I have been hearing a new term lately—quarantine fatigue— and it feels pretty apt for what I know many people are feeling. I have to say it seems like a completely reasonable response in the context of so much change and uncertainty. In addition to the economic hardship it causes, isolation can severely damage psychological well-being, especially for people who were already depressed or anxious before the crisis started. Loosening restrictions isn’t just about restarting our economy, it is an acknowledgement that we need human contact and connection for our health.
It is incredibly hard to process the amount of daily information we get, while also trying to balance our desire and need to see people, with the very real risk of COVID-19.
With governments across Canada beginning to loosen restrictions, and despite our shared desire to return to our normal lives, we must remember that COVID-19 is still with us. A surge in cases is always a possibility. There is still no evidence that anyone is immune and there is no vaccine. Even with the most cautious approach to re-opening, we must learn to live with COVID-19 for the foreseeable future.
I know from speaking to residents across Ward 13 that people want to do this as safely as possible. No one wants to put their neighbours or friends at risk. I also know that it is unrealistic and unhealthy to expect people to avoid all in-person social contact outside of their household bubble for the foreseeable future.
As we have learned from harm reduction approaches, abstinence-only solutions don’t work. As with my push to close streets to allow space for pedestrians and active transportation, we need to design solutions that allow people to do necessary activities as safely as possible. This is just as important as the enforcement of social distancing rules.
The growing consensus among scientists is that most virus transmission is happening in enclosed spaces, during sustained contact. That being said, any contact with people carries risk. We must continue to follow best practices for minimizing transmission. That means stay home when you are sick, wash your hands often, don’t touch your face and stay six feet apart from others when you are outside.
We can apply the same evidence used to help determine what aspects of the economy can re-open to also inform best practices for individuals who want to get together in social settings. The more we understand that the riskiness of social activities lies on a spectrum, the more we empower people to choose low-risk activities and the more we can avoid high-risk activities.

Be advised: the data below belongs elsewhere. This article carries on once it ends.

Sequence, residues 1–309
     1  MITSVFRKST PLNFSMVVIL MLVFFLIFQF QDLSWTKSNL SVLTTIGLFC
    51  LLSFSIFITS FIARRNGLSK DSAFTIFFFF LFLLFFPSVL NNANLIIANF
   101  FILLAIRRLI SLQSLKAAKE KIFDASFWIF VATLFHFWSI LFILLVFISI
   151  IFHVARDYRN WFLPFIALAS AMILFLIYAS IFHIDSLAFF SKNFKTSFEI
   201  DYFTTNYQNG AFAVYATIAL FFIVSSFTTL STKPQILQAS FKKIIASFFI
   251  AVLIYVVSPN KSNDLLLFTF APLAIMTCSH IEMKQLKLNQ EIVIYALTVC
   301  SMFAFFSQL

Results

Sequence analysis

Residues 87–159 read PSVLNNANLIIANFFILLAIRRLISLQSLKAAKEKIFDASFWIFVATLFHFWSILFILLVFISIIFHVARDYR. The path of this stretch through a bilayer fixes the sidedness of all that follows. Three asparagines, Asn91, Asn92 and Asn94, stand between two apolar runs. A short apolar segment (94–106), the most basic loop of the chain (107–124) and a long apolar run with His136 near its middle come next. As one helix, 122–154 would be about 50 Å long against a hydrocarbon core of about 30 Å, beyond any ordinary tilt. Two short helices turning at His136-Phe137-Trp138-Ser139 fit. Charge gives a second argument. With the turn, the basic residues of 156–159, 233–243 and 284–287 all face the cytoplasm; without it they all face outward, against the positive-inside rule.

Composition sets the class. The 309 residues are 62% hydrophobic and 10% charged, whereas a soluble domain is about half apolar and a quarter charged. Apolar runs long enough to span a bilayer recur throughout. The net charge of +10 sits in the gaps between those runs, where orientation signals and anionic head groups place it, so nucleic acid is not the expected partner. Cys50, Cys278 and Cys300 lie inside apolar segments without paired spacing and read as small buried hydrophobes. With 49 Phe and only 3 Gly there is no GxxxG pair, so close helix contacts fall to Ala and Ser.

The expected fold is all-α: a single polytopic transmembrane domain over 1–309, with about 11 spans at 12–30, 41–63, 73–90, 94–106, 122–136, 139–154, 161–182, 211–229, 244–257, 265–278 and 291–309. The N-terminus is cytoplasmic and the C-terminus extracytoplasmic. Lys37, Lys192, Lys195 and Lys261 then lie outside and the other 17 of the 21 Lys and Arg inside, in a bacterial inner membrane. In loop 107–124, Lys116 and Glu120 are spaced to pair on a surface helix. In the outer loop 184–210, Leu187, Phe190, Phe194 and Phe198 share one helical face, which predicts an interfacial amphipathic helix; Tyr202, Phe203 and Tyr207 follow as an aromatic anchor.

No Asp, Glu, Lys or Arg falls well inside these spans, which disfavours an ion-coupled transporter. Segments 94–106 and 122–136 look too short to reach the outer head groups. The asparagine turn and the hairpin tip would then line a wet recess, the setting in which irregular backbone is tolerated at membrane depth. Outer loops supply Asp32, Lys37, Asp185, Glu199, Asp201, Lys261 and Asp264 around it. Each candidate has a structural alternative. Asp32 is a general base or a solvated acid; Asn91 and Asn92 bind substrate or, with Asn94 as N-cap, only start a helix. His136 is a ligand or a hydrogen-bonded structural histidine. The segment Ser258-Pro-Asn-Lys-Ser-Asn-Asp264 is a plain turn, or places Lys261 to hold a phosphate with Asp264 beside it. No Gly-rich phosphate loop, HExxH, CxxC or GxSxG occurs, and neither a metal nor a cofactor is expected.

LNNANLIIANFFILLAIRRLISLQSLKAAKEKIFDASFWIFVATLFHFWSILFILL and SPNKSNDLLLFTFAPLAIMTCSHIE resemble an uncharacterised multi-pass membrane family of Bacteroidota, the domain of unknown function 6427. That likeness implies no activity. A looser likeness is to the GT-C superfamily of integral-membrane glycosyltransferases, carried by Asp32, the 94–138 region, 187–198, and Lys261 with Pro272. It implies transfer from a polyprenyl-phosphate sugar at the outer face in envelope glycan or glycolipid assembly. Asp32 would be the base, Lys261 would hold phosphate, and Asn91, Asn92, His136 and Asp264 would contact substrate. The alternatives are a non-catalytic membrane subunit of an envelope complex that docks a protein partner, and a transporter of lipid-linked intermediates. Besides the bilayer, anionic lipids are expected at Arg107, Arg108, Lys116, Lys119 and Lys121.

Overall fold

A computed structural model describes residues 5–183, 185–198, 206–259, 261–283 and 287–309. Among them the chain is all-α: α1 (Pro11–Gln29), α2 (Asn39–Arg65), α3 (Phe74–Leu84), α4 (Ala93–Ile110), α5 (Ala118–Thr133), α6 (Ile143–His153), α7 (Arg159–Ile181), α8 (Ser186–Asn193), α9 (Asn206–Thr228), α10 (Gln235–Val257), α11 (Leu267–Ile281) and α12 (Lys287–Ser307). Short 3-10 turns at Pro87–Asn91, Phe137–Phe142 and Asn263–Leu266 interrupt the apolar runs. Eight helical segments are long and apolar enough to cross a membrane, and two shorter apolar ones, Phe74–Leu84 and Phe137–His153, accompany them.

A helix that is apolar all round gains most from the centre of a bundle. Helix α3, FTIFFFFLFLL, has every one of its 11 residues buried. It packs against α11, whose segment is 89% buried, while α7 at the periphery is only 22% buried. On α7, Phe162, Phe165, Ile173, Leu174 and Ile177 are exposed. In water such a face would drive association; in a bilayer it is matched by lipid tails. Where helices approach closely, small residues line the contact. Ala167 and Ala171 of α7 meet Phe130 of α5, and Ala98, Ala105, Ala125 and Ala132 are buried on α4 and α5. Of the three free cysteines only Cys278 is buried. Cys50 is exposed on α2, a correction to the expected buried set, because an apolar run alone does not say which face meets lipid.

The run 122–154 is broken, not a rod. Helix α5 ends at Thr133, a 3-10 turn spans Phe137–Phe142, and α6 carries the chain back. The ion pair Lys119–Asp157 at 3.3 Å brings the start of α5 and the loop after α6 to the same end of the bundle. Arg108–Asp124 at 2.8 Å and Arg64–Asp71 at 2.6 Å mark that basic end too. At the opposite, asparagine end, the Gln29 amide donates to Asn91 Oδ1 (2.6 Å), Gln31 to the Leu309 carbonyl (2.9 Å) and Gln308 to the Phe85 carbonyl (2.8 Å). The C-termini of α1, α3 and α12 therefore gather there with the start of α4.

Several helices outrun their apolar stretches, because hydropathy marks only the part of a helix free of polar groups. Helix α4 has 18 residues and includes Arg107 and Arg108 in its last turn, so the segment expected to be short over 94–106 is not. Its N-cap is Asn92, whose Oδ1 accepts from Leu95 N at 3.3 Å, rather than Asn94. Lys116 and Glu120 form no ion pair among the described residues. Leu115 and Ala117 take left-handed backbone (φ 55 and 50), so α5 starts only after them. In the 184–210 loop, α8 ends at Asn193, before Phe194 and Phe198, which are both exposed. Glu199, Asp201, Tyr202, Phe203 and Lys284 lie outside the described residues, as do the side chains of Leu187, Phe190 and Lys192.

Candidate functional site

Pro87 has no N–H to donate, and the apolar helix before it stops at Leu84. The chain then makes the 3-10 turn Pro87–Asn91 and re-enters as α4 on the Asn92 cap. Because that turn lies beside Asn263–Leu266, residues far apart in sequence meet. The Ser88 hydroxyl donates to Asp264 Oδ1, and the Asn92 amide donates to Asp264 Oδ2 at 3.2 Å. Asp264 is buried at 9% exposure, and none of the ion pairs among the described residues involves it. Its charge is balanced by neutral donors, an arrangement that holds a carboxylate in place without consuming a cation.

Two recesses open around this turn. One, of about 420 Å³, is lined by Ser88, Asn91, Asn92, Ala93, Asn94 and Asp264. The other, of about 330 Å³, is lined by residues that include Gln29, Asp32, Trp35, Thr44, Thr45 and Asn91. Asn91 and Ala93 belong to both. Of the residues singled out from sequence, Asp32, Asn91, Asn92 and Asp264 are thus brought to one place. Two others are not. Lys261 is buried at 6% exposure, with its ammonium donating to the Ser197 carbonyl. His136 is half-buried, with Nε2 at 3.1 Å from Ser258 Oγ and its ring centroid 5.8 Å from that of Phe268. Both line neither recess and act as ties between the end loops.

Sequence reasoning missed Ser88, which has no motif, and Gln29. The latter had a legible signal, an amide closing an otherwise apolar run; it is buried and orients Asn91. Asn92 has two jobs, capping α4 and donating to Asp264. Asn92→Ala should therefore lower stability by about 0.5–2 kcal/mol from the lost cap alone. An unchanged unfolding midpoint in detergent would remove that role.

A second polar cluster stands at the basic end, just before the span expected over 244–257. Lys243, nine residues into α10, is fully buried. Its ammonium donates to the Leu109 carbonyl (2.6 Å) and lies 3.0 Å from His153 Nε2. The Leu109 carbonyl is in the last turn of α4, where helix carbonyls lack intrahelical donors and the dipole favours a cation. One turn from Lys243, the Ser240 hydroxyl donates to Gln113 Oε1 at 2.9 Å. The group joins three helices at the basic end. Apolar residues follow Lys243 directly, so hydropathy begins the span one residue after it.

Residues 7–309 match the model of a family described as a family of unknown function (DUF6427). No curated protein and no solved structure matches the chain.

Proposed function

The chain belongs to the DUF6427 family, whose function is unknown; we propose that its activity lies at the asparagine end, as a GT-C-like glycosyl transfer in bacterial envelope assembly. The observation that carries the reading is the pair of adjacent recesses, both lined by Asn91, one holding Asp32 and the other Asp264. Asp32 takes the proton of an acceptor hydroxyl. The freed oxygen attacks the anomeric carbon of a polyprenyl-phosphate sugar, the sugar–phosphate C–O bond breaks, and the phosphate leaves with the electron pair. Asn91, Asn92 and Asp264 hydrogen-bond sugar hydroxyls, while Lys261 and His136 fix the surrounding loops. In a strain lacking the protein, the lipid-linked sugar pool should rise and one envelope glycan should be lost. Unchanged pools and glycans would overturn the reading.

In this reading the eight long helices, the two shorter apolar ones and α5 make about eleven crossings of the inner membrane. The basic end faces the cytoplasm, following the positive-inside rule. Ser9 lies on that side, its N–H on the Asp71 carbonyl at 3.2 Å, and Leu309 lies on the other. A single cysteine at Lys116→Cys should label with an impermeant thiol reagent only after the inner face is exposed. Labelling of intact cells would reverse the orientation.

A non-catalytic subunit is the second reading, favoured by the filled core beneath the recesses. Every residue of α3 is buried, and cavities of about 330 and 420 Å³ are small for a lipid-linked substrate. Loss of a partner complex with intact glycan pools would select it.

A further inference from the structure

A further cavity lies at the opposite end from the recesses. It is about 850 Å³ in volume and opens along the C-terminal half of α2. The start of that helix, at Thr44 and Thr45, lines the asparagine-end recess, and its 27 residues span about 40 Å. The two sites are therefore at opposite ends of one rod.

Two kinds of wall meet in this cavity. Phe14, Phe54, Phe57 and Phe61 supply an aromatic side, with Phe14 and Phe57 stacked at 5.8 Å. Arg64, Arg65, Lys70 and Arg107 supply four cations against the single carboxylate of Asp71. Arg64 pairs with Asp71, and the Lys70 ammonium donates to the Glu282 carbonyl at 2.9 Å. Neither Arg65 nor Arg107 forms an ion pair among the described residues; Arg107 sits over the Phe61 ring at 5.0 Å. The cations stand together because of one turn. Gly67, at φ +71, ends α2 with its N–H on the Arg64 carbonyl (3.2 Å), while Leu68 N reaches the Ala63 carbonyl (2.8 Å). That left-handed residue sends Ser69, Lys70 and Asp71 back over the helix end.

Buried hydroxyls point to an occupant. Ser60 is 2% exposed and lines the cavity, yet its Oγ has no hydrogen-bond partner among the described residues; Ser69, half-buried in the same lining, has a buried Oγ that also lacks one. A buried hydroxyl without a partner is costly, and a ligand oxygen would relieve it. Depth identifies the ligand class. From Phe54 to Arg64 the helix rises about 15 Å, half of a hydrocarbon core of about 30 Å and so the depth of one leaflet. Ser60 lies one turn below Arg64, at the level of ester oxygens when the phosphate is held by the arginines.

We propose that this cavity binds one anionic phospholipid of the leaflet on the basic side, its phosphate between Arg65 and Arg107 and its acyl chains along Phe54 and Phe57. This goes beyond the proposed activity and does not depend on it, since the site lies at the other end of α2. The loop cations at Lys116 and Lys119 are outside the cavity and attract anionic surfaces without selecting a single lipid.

I believe that giving people clear options for low-risk interactions will allow us to sustain the necessary long-term physical distancing that will be necessary to control the spread of COVID-19. While we are still learning about the virus, the evidence seems to indicate that:
- Outdoors is less risky than indoors;
- Small groups are less risky than large groups (always ensuring to maintain a 6ft physical distance); and
- Simply passing by someone is less risky than sustained contact.
I urge you to consider this risk assessment and continue to follow the advice of Toronto’s Medical Officer of Health whenever making decisions about your health and behaviour. Our ongoing commitment to physical distancing and doing everything we can to limit contact with others is saving lives every day.
I also don’t want you to feel shame for finding this difficult. It is hard and exhausting. I ask everyone to be kind to yourselves and continue to be kind to each other. Reach out and check in on your loved ones. If you or somebody you know is feeling overwhelmed, remember that there are many services available for you by phone and online, posted on my website.
For more information on quarantine fatigue and the relative risks of social behaviours, I encourage you to read this article by Julia Marcus, an infectious disease epidemiologist and an assistant professor in the Department of Population Medicine at Harvard Medical School and Harvard Pilgrim Health Care Institute.
CECRA for small businesses
Today, the Prime Minister, Justin Trudeau, announced that details to the Canada Emergency Commercial Rent Assistance (CECRA) for small businesses are now available and that the program will be opened for applications beginning on May 25.
The CECRA will provide forgivable loans to qualifying commercial property owners, whether they have a mortgage on their property or not. The loans will cover 50 percent of three monthly rent payments that are payable by eligible small business tenants who are experiencing financial hardship during April, May and June.
I have been speaking with landlords across Ward 13 and urging them to take advantage of this program. I hope that many will, now that details are released. We must all work together if we are going to protect our main streets and come out of this pandemic on a solid economic footing.
Unfortunately, the announcement today did not provide a mechanism for small business owners to access this loan if their landlord still refuses to apply. That means for many small business owners, CECRA will not be the lifeline they need to survive.
We still need to protect small and local businesses. As many of you know, I have been calling on Premier Doug Ford and the provincial government to legislate a freeze on commercial evictions. I encourage you to add your name and help call on the Provincial and Federal governments to make the necessary legislative changes we need to save our small businesses and our main streets.
Community Care in Ward 13